Not All Problems Are Problems – 5 Real Problems for Leaders



A problem to you is a solution to someone else.

Friction and conflict are advantages when they inspire learning, growth, or innovation.

You might believe bureaucracy is a problem. But in top-down organizations bureaucracy is a solution. Rules and procedures prevent deviation and congeal power.

5 real problems for leaders:

#1. Blaming.

Lack of responsibility always results in recurring issues and worsening problems.

When you hear blaming from team members ask, “What do YOU want to do about that?” Listen. Expect action.

#2. Patterns.

Problems give meaning to leadership. Recurring problems destroy leadership.

Recurring problems indicate you are the problem.

Recurring problems won’t be solved with the same conversation. Never have the same conversation about the same problem more than two times.

Unsuccessful strategies don’t magically work on the third go-round. Patterns are resolved by escalating interventions.

#3. Distraction.

Anything that persistently distracts you from your mission is corrosive. Distractions often seem small, but that’s what makes them deadly.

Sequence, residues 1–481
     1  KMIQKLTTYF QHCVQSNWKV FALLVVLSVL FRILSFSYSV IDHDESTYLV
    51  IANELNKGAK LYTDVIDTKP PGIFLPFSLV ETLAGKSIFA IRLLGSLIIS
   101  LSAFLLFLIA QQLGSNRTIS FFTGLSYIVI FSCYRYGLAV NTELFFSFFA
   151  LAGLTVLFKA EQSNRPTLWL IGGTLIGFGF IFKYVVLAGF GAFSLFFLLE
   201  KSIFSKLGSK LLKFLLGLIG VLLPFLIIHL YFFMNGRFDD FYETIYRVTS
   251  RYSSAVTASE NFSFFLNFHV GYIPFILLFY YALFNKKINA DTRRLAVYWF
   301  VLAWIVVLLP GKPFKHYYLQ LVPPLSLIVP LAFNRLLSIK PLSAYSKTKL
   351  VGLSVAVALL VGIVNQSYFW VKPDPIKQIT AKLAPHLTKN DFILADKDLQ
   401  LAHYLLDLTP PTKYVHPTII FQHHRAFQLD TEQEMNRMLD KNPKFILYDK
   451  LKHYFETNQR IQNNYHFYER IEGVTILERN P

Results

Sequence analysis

Identify and eliminate distractions when you end the day wondering what you accomplished.

#4. Fixing.

Fixing problems inflates your ego but disempowers people. The more fixing you do – the more fixing you have to do.

Expect competent people to solve their own issues.

2 questions to silence your fixer:

  1. What have you tried to resolve this issue?
  2. What else might you try to solve this problem? Note: Some problems require your involvement. Is your authority needed? Do you have unique knowledge?

#5. Inevitability.

Let go anomalies like the manager who loses his/her cool once in a blue moon.

Address any problem that inevitably gets worse if left to itself.

A better way:

Successful leaders seize opportunities.

The seduction of problem-solving is a problem. Focus on seizing opportunities, not on solving problems.

Your biggest leadership opportunity is developing talent, both yours and others’.

Which ‘real’ problem seems most relevant to you? Why?

Originally published on the Leadership Freak blog.


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